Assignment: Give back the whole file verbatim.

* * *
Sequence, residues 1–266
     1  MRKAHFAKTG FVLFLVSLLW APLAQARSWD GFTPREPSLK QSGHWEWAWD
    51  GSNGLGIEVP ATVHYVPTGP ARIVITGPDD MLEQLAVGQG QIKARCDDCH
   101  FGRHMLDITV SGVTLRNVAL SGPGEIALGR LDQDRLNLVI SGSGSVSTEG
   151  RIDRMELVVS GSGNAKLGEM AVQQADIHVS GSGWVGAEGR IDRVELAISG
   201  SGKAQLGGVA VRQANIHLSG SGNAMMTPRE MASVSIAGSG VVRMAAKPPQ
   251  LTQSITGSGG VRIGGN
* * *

Sequence, residues 1–266
     1  MRKAHFAKTG FVLFLVSLLW APLAQARSWD GFTPREPSLK QSGHWEWAWD
    51  GSNGLGIEVP ATVHYVPTGP ARIVITGPDD MLEQLAVGQG QIKARCDDCH
   101  FGRHMLDITV SGVTLRNVAL SGPGEIALGR LDQDRLNLVI SGSGSVSTEG
   151  RIDRMELVVS GSGNAKLGEM AVQQADIHVS GSGWVGAEGR IDRVELAISG
   201  SGKAQLGGVA VRQANIHLSG SGNAMMTPRE MASVSIAGSG VVRMAAKPPQ
   251  LTQSITGSGG VRIGGN